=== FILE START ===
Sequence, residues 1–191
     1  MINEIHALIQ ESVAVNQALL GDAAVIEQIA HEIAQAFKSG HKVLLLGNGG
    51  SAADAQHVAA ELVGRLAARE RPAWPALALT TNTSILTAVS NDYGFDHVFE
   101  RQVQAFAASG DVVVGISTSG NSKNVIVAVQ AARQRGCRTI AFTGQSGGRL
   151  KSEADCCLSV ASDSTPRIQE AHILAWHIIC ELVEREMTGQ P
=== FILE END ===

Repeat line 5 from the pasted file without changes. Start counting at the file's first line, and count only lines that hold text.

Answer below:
   151  KSEADCCLSV ASDSTPRIQE AHILAWHIIC ELVEREMTGQ P